April Smith (center) and her band the Great Picture Show dished up an impressive and sadly under-attended performance last Sunday night at Muddy Waters.

James Sinclair

April Smith (center) and her band the Great Picture Show dished up an impressive and sadly under-attended performance last Sunday night at Muddy Waters.

April Smith and the Great Picture Show at Muddy Waters Café

Small Crowds Didn’t Stop This Frontwoman Fro Putting On a Show

In April Smith’s world—an alternate dimension in which the last 60 years of pop music never happened, save for the occasional Led Zeppelin reference—fans of indie rock and Glee are free to commingle. Dressed in an outfit Katy Perry might have abandoned once upon a time, the tiny young singer led her band, the Great Picture Show, through a series of often jitterbug-worthy tunes, belting for the criminally small audience that attended Sunday’s performance at Muddy Waters.

The set began with a tom-tom-driven drum feature, like something an indie Gene Krupa might play, which led into “Movie Loves a Screen,” the opening track from her full-length debut, Songs for a Sinking Ship. In the final bars, the song featured a vocal moment of truth, in which the singer’s voice swelled, broke, and crested beautifully at a bubbly high E.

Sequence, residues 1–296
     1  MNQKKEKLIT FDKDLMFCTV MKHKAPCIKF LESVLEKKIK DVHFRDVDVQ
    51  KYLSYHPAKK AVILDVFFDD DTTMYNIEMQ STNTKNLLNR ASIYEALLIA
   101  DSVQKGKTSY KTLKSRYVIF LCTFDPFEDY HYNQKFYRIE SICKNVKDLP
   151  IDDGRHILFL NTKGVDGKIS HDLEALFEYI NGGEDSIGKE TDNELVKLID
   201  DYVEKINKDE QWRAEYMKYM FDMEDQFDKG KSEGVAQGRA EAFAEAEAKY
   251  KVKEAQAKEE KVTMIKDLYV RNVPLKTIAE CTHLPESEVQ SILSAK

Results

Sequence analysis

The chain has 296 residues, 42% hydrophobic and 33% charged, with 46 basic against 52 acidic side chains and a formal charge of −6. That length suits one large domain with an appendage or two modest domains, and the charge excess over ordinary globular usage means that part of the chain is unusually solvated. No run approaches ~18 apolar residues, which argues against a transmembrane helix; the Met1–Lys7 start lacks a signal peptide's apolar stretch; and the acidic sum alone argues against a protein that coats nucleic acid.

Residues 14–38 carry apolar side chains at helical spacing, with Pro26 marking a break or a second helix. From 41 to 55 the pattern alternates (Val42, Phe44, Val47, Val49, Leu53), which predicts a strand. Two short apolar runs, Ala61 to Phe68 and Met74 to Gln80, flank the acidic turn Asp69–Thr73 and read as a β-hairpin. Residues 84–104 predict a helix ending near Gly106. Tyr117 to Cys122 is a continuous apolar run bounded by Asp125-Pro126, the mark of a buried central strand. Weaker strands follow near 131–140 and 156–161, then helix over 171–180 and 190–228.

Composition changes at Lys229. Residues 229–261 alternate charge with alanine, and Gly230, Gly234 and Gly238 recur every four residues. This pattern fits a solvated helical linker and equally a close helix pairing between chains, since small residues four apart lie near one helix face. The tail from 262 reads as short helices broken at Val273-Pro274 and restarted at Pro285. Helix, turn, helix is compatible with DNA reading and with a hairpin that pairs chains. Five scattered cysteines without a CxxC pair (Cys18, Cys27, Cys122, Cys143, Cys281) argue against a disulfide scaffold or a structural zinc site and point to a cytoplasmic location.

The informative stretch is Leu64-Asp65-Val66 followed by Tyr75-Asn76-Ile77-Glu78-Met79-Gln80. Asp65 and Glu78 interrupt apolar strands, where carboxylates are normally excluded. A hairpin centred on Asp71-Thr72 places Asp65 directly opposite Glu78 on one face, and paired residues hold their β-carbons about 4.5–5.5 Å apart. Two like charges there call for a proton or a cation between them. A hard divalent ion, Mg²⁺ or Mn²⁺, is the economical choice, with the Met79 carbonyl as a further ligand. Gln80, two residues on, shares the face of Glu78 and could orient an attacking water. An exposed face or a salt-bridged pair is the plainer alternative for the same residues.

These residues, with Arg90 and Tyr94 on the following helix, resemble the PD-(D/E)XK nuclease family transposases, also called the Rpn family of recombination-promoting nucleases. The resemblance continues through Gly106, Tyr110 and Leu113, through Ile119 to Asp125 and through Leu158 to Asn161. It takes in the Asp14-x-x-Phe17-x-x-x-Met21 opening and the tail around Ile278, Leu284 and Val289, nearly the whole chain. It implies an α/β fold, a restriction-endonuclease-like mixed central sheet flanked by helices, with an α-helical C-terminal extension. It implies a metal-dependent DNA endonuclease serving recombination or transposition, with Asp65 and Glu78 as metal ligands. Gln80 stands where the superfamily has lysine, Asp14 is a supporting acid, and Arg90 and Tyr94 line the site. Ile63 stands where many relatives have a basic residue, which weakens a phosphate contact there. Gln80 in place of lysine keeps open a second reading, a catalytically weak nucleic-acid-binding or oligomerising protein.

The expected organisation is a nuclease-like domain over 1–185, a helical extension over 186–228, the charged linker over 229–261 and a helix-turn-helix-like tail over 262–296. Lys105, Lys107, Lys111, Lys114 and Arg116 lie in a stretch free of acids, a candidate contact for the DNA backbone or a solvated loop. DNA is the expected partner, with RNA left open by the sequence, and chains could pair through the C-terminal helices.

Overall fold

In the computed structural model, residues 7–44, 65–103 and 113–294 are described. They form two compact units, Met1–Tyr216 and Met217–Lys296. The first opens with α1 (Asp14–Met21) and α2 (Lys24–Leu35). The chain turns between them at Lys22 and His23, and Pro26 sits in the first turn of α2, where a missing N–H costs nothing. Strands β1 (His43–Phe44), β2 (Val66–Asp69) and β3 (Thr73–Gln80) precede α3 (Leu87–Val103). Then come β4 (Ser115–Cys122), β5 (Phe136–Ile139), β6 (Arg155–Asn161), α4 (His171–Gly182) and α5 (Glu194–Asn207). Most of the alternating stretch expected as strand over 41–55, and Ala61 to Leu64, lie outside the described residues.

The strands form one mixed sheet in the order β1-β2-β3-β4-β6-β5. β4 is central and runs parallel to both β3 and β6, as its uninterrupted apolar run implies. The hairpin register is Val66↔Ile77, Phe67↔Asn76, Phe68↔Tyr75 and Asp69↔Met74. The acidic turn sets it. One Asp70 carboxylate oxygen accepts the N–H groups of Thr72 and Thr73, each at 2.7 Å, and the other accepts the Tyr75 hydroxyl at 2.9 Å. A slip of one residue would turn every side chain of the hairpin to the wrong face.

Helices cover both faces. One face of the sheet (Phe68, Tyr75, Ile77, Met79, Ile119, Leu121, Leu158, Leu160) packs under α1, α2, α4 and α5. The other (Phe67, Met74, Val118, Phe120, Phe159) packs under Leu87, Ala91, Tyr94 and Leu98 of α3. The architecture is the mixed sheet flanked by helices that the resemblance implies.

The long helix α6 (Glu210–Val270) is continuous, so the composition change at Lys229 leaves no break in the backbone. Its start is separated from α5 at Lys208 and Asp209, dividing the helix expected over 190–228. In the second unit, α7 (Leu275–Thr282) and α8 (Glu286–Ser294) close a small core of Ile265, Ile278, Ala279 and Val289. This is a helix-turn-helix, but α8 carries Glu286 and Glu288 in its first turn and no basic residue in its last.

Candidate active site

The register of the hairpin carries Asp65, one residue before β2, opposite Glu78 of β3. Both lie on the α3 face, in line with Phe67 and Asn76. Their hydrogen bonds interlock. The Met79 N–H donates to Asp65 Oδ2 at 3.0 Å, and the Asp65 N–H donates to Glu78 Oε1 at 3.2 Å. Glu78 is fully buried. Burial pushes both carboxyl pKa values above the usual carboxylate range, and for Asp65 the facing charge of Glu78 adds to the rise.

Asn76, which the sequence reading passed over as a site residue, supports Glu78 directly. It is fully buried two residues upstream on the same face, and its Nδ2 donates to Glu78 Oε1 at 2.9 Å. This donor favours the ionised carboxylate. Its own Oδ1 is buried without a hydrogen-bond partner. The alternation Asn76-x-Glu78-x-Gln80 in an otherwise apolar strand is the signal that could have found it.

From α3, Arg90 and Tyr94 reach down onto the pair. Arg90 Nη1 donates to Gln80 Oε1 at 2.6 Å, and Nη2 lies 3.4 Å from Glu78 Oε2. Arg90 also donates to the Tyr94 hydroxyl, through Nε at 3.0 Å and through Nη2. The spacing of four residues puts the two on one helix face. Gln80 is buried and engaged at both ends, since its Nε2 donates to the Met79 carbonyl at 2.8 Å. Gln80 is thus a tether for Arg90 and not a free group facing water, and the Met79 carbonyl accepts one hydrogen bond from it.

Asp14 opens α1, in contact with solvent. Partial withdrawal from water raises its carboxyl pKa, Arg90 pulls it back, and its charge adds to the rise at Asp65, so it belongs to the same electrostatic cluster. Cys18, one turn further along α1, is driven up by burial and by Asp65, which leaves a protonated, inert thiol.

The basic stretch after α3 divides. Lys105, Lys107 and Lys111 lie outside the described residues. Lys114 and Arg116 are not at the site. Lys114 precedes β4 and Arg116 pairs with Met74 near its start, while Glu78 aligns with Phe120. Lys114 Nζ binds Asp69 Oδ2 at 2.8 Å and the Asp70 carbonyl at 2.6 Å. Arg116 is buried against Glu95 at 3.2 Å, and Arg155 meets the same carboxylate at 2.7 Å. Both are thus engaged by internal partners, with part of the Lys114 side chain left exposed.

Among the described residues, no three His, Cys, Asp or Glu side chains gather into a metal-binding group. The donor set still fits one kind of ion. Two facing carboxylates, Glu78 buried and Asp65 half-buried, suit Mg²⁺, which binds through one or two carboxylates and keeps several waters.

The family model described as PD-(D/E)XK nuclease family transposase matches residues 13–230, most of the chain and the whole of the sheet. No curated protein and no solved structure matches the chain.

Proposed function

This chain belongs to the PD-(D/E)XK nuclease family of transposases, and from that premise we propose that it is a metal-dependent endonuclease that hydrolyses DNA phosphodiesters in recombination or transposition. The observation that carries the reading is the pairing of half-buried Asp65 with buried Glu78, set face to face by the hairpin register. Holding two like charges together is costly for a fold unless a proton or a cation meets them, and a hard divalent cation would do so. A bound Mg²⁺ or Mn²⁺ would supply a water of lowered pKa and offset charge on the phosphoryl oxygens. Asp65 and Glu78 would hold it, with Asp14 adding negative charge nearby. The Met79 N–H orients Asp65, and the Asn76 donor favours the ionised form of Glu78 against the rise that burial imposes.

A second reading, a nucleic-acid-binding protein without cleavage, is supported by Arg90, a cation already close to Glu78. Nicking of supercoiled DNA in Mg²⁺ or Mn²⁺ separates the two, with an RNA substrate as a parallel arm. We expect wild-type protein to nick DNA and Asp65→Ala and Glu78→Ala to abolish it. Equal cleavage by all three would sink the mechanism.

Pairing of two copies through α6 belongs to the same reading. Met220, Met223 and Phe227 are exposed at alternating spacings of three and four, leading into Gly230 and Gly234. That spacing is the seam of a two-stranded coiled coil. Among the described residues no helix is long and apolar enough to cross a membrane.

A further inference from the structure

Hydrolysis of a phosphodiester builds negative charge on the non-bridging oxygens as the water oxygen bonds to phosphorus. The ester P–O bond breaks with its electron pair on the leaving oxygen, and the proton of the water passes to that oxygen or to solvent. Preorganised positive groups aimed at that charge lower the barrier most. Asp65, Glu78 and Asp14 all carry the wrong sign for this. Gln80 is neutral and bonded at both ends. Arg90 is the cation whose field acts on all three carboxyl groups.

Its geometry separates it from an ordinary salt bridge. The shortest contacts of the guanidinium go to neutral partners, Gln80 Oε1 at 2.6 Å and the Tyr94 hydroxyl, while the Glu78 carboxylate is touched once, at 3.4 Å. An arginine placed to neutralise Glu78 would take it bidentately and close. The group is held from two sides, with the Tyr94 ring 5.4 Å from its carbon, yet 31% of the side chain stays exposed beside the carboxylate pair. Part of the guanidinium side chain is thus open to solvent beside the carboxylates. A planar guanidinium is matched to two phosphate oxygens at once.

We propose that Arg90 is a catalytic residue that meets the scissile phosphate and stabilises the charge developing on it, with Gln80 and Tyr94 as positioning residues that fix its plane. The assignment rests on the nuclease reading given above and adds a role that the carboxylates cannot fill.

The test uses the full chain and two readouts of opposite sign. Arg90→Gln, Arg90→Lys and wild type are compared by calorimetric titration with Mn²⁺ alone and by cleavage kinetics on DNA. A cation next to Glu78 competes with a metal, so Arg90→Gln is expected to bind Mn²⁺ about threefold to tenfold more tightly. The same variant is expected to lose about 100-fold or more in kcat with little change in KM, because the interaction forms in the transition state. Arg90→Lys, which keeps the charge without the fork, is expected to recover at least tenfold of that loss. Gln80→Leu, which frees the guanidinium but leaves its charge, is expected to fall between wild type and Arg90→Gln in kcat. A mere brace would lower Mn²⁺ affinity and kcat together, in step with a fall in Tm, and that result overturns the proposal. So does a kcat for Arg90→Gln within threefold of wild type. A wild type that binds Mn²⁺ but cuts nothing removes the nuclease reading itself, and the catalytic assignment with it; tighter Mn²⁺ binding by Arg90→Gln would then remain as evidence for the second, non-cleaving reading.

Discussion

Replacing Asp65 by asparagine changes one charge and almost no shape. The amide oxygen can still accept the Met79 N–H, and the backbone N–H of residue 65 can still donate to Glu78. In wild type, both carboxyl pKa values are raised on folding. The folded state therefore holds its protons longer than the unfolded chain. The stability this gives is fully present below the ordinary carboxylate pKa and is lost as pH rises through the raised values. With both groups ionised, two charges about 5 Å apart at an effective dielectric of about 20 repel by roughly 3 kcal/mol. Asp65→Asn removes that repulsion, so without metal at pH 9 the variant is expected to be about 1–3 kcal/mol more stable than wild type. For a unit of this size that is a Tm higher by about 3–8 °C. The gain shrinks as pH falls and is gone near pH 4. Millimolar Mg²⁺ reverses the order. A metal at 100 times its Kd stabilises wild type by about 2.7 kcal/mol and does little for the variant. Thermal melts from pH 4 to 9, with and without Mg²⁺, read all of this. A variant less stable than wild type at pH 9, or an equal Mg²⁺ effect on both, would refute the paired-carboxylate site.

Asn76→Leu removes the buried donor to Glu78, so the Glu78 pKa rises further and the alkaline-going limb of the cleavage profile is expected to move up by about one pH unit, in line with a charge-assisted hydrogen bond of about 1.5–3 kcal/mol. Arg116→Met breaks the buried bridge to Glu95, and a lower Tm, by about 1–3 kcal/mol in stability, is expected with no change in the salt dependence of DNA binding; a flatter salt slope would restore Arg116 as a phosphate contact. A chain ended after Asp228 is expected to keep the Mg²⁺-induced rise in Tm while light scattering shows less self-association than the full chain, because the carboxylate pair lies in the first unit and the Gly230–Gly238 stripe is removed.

After that number’s refrain of “I just want to mean something to you,” the next songs, “Drop Dead Gorgeous” and “Terrible Things,” showcased her dark side all the more effectively. The latter tune, where she warned of the nonspecific “things that I hide deep down inside,” was inspired by the show Dexter, but has also been featured in a Weeds promo.

The Los Angeles four-piece Chief, whose debut album comes out in mid August, opened with a solid, if conventional, set of Tom Petty-meets-The Strokes mid-tempo rockers, offering at least one great song. (During the minor-key three-part harmony of “Mighty Proud,” you could practically see tumbleweeds.)

During Smith’s set, her hands-on-hips gestures for “Stop Wondering”—a reality check for any self-congratulating lover—were pure cabaret camp. The song, in her words, “sounded like Judy Garland on a bender.” A natural show-woman, there was no self-consciousness in the way she hammed it up with her well-timed rolls of the eyes and wags of the finger. Judging by her sweet disposition and interaction with the crowd, however, there’s little chance she’s as tart or as sassy as her songs suggest. But by the time she signed off with a cover of Melanie Safka’s ’70s hit “Brand New Key,” I forgot—or didn’t care—that it was mostly an act.

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